Background: Coronary artery calcium (CAC) predicts atherosclerotic cardiovascular disease (ASCVD) events, inclusive of coronary heart disease (CHD) and stroke, and is a decision-making aid for primary prevention. The predictive value of CAC categories for CHD and stroke separately and across sex and race groups of an asymptomatic population is unclear. Methods: White, Black, and Hispanic participants of MESA (Multi-Ethnic Study of Atherosclerosis) and DHS (Dallas Heart Study) underwent CAC measurement at enrollment and were followed for incident ASCVD events. Ten-year CHD-to-stroke incidence ratios across CAC score categories 0, 1 to 99, and ≥100 were assessed. Associations of CAC with incident CHD and stroke events were evaluated using multivariable-adjusted Cox models and multiplicative interactions of CAC with sex/race were tested. Results: Among 7042 participants (mean age, 57 years, 54% women, 36% Black, 23% Hispanic, 49% CAC=0, 19% CAC ≥100), 574 incident ASCVD events (333 CHD and 241 stroke) were observed over 12.3-year follow-up. Ten-year CHD-to-stroke incidence ratio increased significantly across CAC categories in men, women, Whites, Blacks, and Hispanics (all P<0.001). High CAC burden (score ≥100) was independently associated with ASCVD and CHD risk in all groups and with stroke risk in the overall cohort and Blacks. No sex- or race-based CAC interactions for ASCVD, CHD, and stroke events were observed. Adding CAC to a traditional risk factor model improved risk discrimination and reclassification for CHD but not for stroke events. Conclusions: In 2 population-based cohorts of asymptomatic individuals, 10-year CHD-to-stroke incidence ratio was higher with increasing CAC score categories across sex and race groups, and CAC was consistently a better predictor of CHD than stroke. High CAC burden comparably associated with ASCVD risk across sex and race groups.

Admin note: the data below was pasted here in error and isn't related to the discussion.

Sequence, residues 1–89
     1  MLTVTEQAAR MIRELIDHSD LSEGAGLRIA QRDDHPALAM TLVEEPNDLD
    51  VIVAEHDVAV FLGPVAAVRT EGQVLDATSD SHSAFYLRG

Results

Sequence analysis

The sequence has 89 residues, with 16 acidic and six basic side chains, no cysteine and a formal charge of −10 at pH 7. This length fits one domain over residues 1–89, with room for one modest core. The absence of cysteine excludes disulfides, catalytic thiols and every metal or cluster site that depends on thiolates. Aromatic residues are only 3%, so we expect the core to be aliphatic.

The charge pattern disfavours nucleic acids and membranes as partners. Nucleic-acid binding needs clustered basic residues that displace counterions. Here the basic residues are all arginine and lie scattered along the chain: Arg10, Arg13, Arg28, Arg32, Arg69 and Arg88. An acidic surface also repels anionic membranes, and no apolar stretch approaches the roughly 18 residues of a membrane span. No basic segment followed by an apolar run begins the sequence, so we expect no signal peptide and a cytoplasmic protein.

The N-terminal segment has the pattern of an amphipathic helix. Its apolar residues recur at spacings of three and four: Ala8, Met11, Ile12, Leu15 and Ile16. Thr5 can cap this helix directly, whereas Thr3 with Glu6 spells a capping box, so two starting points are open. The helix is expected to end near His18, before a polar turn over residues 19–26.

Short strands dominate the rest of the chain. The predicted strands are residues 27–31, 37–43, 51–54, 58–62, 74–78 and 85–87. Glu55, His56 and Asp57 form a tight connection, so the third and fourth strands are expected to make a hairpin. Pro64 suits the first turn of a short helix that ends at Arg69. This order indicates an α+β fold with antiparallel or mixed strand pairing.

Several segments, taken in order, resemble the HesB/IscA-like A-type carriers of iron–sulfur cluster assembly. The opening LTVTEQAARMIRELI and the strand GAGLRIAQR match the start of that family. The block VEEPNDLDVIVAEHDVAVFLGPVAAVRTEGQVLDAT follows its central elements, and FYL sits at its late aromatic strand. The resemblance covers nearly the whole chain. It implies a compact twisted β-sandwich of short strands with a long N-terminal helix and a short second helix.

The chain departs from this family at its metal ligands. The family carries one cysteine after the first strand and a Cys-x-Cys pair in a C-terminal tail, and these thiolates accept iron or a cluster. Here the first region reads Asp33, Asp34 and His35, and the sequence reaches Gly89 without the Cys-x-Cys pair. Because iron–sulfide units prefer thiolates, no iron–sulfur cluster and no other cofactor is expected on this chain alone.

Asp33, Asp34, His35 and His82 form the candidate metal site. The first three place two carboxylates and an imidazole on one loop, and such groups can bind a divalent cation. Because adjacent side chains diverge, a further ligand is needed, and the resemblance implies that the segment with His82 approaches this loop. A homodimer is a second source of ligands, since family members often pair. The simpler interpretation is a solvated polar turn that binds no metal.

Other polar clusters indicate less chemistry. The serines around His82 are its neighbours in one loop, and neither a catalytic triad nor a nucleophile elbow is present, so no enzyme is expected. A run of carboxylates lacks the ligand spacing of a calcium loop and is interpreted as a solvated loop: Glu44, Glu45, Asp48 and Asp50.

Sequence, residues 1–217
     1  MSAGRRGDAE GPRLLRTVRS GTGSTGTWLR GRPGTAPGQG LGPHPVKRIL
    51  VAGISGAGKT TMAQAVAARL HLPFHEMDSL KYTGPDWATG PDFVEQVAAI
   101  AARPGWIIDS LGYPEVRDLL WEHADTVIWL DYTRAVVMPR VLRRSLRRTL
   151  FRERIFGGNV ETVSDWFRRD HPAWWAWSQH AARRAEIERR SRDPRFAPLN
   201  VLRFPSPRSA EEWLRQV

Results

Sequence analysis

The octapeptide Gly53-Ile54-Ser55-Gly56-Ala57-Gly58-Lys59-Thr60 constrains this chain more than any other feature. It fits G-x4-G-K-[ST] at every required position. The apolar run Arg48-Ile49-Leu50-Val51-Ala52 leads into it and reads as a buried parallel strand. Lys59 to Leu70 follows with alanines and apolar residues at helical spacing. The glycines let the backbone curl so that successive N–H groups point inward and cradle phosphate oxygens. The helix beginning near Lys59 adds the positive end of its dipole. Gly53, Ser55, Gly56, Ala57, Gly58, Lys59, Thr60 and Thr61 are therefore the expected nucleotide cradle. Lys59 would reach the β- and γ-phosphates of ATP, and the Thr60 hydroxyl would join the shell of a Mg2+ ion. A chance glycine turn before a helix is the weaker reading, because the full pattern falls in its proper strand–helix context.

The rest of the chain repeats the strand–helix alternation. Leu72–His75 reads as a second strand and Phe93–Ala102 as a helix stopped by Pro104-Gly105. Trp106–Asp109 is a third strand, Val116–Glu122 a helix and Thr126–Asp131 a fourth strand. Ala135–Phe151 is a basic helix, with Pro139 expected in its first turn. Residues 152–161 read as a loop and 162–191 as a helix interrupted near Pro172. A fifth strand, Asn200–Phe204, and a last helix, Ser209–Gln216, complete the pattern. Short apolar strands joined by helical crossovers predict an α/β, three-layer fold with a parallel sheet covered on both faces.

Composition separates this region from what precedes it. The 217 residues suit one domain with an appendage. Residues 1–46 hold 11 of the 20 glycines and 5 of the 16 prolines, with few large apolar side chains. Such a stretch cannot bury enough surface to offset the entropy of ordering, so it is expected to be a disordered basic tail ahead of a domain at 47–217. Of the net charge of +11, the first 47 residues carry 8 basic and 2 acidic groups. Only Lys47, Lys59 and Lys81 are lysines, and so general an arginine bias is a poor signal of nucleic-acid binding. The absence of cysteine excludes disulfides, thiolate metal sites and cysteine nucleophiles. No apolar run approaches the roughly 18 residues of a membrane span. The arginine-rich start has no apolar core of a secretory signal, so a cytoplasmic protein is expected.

- cardiovascular disease
- coronary artery disease
ASJC Scopus subject areas
- Radiology Nuclear Medicine and imaging
- Cardiology and Cardiovascular Medicine